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Mayor Peduto Visits Washington DC To Call For Senate Vote On Background Check Legislation

PITTSBURGH (KDKA) -- Pittsburgh Mayor Bill Peduto visited Washington DC, joining with other mayors from across the United States to call for gun legislation.

The U.S. Conference of Mayors organized the visit that also includes the mayors of Dayton, Ohio; Miami, Florida; Parkland, Florida; Fort Worth, Texas; as well as representatives from Houston and Philadelphia.

"For mayors, this crisis is personal," said Rochester Hills Mayor Bryan Barnett.

"We're on the front lines of this tragedy, and each mass shooting is a sound reminder that this could happen in any city -- large or small, urban or rural."

WATCH LIVE: U.S. Conference of Mayors --

WATCH LIVE: Pittsburgh Mayor Bill Peduto is visiting Washington DC today, joining with other mayors from across the United States to call for gun legislation. READ MORE:

Posted by KDKA-TV | CBS Pittsburgh on Monday, September 9, 2019

"We want less cities to be like Dayton, to be less like Parkland, to be less like Odessa and Midland, and we need action from Congress," said Whaley.

The delegation met Monday morning with White House officials and later with U.S. Senators, asking them to vote for legislation already approved in the House, authorizing universal background checks.

"It's a very easy action. It's not complicated. That's all we're asking for as a step in getting common-sense gun control through," Whaley said.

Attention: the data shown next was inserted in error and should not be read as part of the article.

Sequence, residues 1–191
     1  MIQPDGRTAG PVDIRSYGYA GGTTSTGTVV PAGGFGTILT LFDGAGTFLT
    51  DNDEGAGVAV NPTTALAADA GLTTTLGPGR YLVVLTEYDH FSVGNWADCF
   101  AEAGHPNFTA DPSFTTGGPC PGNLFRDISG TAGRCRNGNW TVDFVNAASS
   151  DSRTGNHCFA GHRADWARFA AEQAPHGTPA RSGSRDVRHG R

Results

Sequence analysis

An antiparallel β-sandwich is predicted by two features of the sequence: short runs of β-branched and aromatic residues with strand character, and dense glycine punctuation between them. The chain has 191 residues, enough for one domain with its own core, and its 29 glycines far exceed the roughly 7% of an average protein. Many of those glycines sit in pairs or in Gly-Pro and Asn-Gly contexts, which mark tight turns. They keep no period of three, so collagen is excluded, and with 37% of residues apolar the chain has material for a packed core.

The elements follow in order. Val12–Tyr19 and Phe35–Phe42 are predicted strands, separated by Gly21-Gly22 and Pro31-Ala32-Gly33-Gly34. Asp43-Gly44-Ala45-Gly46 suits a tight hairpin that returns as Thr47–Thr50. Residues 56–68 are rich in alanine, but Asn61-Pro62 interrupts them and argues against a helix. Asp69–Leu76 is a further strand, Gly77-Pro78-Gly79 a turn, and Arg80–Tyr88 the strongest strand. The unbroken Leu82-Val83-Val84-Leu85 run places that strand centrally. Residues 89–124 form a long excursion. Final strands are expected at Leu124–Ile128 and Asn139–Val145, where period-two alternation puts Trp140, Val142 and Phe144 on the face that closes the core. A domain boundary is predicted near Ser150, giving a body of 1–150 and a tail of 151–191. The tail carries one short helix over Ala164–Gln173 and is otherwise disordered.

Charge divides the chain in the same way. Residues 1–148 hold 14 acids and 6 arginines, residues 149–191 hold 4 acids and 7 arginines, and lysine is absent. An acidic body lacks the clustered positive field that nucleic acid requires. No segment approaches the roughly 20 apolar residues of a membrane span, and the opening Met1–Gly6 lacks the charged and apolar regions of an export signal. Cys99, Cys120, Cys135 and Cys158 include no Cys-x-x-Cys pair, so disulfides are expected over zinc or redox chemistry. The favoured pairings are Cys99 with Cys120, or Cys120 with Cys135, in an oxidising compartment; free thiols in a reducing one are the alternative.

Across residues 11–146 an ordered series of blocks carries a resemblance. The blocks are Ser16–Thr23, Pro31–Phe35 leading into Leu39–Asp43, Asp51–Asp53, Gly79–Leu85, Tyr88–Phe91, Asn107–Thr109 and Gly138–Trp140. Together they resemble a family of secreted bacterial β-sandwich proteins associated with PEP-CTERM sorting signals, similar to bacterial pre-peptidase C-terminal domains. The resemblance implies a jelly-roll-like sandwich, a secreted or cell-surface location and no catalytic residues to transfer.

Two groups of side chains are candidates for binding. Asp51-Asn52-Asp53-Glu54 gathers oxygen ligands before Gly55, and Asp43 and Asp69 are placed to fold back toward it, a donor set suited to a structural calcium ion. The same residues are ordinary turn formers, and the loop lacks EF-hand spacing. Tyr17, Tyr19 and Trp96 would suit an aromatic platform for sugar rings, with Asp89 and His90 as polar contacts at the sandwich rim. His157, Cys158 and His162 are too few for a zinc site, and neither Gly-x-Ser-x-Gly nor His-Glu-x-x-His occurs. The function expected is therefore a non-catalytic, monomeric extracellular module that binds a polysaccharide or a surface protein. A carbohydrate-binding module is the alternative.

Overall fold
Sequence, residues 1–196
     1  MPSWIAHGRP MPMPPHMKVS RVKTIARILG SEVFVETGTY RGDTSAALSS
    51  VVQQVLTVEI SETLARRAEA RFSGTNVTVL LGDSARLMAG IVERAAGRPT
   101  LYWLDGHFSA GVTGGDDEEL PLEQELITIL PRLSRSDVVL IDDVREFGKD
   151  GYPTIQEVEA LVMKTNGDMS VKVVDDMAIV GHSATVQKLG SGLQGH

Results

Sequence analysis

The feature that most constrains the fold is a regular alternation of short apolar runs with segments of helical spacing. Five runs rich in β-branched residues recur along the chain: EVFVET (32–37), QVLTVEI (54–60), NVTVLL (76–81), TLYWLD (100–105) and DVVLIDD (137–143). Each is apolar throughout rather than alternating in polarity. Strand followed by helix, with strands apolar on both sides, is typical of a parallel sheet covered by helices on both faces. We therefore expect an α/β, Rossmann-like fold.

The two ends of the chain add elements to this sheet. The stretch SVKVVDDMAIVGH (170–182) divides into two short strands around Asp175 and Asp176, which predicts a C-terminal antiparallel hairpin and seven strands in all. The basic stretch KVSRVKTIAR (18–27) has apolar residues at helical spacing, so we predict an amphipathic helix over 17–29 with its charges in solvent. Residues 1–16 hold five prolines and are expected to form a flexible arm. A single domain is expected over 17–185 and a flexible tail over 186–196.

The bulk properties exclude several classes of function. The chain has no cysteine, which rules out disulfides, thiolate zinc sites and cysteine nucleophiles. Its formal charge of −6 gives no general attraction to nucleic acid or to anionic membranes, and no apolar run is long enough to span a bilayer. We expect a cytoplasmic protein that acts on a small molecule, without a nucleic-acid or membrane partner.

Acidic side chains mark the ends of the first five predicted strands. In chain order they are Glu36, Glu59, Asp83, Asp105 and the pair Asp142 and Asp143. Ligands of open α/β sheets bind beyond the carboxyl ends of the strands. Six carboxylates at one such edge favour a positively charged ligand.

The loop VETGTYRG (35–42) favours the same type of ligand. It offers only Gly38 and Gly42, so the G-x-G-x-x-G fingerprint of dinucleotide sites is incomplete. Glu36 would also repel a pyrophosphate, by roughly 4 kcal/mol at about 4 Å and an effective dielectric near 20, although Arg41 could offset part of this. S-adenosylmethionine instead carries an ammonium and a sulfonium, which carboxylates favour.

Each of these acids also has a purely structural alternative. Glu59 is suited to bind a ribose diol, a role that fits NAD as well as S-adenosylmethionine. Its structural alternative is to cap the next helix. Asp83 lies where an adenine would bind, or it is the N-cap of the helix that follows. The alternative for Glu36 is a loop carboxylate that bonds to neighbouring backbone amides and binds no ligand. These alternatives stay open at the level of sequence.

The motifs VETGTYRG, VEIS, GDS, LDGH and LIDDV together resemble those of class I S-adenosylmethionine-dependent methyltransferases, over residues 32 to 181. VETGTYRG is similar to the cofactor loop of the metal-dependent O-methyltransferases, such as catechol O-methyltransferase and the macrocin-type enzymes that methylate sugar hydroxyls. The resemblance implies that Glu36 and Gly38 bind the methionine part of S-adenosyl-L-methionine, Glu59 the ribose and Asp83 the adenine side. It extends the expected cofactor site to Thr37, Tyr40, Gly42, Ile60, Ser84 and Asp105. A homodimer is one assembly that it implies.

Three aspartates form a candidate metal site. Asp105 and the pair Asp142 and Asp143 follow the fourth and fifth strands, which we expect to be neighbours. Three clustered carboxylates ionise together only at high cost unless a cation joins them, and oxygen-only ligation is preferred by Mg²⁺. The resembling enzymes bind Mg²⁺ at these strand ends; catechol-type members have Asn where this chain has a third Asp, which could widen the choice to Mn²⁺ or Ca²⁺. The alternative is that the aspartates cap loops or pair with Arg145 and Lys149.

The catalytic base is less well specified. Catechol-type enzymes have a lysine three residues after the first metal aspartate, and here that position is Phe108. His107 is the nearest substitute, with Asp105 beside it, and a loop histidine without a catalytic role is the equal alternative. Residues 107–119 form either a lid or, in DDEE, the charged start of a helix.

Earlier in the Day, President Trump bestowed the Medal of Valor to six Dayton Police officers for bravery and quick action in killing the Dayton gunman and stopping the massacre there.

And Senate Majority Leader Mitch McConnell has said he's waiting on guidance from the White House on its level of support before acting on any gun legislation. But the mayors said it was the Senate's moral duty to act.

"Think if this trend line continues. What's our country going to look like in 5 years or 10 years? And what are we going to say to our kids and our grandkids about what we did at this moment of truth?" said Greg Fischer, mayor of Louisville.

The mayors said they had productive talks with White House officials and are hopeful of gaining support for some sort of legislation, but right now, there is no vote scheduled in the Senate.


According to Peduto's office, more than 275 cities across the country have signed a bipartisan letter calling on the White House and Senate to support background check.

Gun legislation reform became one of Mayor Peduto's top priorities following the October shooting at the Tree of Life Synagogue in Squirrel Hill.

He has been pushing a city ordinance to restrict military-style assault weapons, armor-piercing ammunition and high-capacity magazines, as well as allow the seizure of guns from those deemed a threat.

The officers who responded to the deadly shooting rampage in Dayton, Ohio, will be honored in Washington DC today. The shooting took the life of St. Francis University student and Washington County native, Nicholas Cumer.

Those measures, approved in April, are on hold because of lawsuits claiming they violate a state law that prohibits local municipalities from regulating firearms.

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